Cities play a crucial role in world economic growth, because they are the hubs of economic, cultural and intellectual activity.   The success of economies depends on the success of cities and their surrounding regions.   Japanese industrial power was founded around the Tokyo-Osaka corridor.  Silicon Valley has been the intellectual nursery of technological innovation because of the crucial corridor between San Francisco and Palo Alto, with its concentration of top universities.

At the same time, economies that have not succeeded in the growth league can be seen by the dysfunctional metropolitan sprawls of Cairo and Lagos.  

Cities play such an important role because they are the front-line of the growing global population, the clash of rural and urban cultures, technology and rising aspirations and more often than not, social frustration from inequities.   

The rise in China has been manifested by the rise of Chinese cities.   China passed the 50% urban population level in 2010, double that in 1990 and will probably reach 70 per cent by 2035.   Chinese urbanisation is happening at 100 times the scale of UK urbanisation and at 10 times the speed.

The McKinsey study estimates that from 2010 to 2025, the GDP of the top 600 cities of the world will increase by $30 trillion or nearly two thirds of global growth.   Of this, 440 emerging market cities will contribute $23 trillion or just under half of global growth.   Annual global infrastructure investments will double from $10 trillion to more than $20 trillion by 2025, much of this in the emerging markets.  A lot of this will be in Asian cities.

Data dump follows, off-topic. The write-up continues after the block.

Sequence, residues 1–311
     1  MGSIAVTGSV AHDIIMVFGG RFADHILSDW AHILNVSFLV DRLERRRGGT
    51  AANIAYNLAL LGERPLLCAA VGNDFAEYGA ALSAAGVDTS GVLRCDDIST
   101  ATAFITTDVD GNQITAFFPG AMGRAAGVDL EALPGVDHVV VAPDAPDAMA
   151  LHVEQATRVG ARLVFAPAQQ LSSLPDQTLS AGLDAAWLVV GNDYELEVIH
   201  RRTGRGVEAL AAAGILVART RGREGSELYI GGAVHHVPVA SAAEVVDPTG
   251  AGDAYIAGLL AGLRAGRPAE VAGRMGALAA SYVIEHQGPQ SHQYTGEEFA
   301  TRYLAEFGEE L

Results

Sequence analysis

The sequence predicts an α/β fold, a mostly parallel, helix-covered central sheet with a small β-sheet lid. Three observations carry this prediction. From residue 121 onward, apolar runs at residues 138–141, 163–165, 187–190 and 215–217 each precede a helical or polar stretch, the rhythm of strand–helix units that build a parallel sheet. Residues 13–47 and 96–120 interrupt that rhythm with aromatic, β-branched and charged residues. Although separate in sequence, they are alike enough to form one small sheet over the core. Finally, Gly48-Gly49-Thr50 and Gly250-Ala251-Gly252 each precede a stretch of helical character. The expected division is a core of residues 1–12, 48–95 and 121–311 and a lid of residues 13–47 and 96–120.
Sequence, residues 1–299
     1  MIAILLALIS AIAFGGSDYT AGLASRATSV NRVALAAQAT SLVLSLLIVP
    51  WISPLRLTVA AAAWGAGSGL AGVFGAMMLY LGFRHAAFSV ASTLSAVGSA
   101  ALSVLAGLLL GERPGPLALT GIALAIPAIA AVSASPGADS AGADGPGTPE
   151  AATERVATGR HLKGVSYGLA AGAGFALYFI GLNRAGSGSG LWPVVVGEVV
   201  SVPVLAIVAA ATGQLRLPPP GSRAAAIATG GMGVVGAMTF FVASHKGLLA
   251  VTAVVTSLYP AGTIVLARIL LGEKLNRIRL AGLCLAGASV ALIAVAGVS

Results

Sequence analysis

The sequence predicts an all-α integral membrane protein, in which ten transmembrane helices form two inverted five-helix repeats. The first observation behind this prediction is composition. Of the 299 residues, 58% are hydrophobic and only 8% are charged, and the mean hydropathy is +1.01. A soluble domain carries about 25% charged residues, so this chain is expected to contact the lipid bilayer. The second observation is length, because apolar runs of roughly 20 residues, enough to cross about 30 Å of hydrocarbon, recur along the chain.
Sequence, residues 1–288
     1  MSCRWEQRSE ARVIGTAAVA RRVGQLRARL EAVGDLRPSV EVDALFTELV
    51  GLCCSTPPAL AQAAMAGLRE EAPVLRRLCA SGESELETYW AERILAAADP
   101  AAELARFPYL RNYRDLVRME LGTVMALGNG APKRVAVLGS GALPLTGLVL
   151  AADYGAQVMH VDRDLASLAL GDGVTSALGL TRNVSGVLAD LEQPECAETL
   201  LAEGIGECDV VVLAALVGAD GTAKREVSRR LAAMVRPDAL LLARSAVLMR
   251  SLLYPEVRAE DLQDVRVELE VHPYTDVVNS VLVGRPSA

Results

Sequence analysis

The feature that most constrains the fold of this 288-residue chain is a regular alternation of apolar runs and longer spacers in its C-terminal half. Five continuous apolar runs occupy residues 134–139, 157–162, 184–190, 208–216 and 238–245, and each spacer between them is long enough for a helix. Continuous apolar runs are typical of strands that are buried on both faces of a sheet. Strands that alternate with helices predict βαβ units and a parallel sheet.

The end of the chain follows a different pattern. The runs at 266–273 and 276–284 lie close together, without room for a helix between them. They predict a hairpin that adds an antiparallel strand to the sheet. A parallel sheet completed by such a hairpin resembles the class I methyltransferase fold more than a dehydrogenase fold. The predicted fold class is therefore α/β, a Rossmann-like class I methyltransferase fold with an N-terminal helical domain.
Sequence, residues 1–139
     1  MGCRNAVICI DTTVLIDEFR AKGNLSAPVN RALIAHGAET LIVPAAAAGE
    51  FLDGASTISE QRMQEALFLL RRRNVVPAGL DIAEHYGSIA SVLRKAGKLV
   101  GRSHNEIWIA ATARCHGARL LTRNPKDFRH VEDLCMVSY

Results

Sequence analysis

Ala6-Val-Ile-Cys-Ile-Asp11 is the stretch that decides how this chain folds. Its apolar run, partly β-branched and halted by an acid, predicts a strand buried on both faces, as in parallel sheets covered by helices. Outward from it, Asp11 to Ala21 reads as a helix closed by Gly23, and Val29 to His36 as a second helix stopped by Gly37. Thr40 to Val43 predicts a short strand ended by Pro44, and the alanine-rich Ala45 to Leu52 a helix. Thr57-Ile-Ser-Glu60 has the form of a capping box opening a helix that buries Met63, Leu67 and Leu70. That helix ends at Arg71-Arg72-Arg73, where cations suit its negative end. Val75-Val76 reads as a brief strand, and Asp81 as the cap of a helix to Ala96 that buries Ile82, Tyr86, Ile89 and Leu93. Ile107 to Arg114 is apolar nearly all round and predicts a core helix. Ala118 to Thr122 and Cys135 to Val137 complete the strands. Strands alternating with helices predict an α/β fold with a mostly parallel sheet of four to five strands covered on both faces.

Managing this dramatic transformation is both a huge opportunity or a nightmare.   Travelling through the United States, you appreciate what a huge challenge it must be to transform aging infrastructure in “hollowed out” city centres with sprawling suburbia.   And yet, if you see what Mayor Ed Lee is doing to make sure that San Francisco becomes the technology capital of the world, and what a cultural and intellectual renaissance has happened in South Korea from the rejuvenation of Seoul, you do believe that cities can make a difference. 

Getting cities to be become smarter and better places to live in will require better dialogue and understanding between the city leadership and its citizens.  McKinsey identified three key lessons from their research on successful cities in China, India and Latin America – better planning and implementation; capable and accountable governance, and sustainable and responsible fiscal management.
 
There is also an important element, especially for cities under national governments – the relationship between the central government and municipal government, especially regarding the sharing of revenue and expenditure.   Because Asian cities will need huge amounts of funding for infrastructure and urban renewal, municipal bond markets will have to be nutured within Asia to provide that funding.   This requires transparent accounting by cities. 
 
In Jakarta this month, a new governor and deputy governor from outside the city were elected to transform this urban sprawl into a 21st century powerhouse.  
 
Cities have become the new arena of global competition for people, ideas and prosperity.
 
Andrew Sheng is President of the Fung Global Institute.